When the GR STi was introduced in 2008, Subaru added something called the SI Drive, where a dial was used to select from three different throttle settings. From the charts below, it is easy to see why the Intelligent mode felt very sluggish; it restricts throttle opening to a very low value. If you floor the accelerator pedal it will, after a delay, switch to Sport mode where the throttle is allowed to open fully.
Along with changing the throttle profile with each mode of the SI Drive, the ECU will also change the boost targets.
You can see in the Sport and Sport# modes, the boost target at 100% throttle is wavy. This ripple in the boost target is reflected in the physical measurements of manifold pressure.
It can also be seen in the graph that the Air-Fuel ratio (AFR) is ~14:1 up to ~4000 rpm and then drop rapidly down to 10.x:1. The lean AFR at full boost would often cause the engine to knock and the ECU would then need to reduce ignition advance to stop the detonation. As ignition advance is reduced, torque output from the engine is also reduced. This combination of rapid AFR change and ignition advance fluctuation leads to inconsistent power output through the rev range.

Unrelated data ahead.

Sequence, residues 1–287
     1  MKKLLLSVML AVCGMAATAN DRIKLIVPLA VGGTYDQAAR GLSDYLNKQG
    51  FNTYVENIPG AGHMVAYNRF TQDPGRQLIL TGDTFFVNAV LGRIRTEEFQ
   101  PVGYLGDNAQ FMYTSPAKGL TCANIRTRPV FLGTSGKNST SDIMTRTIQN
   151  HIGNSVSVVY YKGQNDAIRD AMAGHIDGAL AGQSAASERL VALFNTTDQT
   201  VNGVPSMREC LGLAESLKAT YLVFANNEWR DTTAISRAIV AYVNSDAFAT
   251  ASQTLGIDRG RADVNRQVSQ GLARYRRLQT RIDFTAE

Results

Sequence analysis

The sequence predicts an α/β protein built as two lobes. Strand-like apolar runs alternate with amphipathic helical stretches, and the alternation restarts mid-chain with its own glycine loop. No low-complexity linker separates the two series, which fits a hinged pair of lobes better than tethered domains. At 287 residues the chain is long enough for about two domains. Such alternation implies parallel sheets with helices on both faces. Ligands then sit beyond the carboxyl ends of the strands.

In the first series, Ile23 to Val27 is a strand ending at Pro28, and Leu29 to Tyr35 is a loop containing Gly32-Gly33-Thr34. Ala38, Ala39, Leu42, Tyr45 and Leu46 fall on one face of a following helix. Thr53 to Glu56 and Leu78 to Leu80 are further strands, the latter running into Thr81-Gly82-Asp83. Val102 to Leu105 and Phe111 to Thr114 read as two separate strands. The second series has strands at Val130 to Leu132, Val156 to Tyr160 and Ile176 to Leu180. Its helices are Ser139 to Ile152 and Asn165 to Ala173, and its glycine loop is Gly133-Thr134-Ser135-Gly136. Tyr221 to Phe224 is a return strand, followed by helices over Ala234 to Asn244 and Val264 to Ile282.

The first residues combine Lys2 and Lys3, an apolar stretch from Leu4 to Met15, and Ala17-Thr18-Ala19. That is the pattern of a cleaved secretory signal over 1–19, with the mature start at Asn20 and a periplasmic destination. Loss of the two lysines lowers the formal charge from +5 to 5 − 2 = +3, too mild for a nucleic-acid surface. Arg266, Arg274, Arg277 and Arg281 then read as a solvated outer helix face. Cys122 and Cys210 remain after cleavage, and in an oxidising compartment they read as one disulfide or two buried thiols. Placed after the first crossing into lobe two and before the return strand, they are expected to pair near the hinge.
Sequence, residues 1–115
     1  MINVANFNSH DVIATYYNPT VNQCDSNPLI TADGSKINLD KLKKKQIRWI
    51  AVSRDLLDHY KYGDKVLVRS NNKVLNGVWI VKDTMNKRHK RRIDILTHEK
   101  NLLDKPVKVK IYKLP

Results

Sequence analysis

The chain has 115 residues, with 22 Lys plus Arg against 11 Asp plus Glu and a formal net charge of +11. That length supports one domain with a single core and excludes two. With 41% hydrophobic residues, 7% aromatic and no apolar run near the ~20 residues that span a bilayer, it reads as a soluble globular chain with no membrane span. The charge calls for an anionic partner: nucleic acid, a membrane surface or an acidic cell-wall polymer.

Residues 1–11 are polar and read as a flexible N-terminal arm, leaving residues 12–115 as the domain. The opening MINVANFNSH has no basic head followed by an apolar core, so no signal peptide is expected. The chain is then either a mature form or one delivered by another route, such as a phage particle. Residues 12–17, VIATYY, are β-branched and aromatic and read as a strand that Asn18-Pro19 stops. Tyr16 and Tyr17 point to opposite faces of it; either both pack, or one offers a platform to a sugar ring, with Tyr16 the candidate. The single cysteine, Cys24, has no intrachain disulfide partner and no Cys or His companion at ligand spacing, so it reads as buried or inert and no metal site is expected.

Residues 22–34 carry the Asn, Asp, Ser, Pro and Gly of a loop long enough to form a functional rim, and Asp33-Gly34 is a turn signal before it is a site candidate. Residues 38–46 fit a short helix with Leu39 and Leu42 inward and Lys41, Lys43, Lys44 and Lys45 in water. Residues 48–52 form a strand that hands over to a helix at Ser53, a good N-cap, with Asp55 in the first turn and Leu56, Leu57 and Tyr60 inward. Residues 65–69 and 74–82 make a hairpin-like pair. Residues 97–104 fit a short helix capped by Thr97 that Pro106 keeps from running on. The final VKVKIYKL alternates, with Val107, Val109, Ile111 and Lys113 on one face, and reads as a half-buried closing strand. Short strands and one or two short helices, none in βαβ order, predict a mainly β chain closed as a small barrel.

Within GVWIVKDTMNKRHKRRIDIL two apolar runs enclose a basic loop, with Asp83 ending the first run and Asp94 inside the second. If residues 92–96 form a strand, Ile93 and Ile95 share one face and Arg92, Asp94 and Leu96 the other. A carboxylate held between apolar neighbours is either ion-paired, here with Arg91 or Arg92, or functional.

Not really sure of the motivation for forcing the lean AFR below 4000rpm is. I have heard that it has to do with reducing emissions but there are other turbo charged cars that do not exhibit this behavior. Examples are the 2007 Saab 93 and the 2011 Mitsubishi Lancer Ralliart. As soon as it hits full boost, AFR transitions to more reasonable values.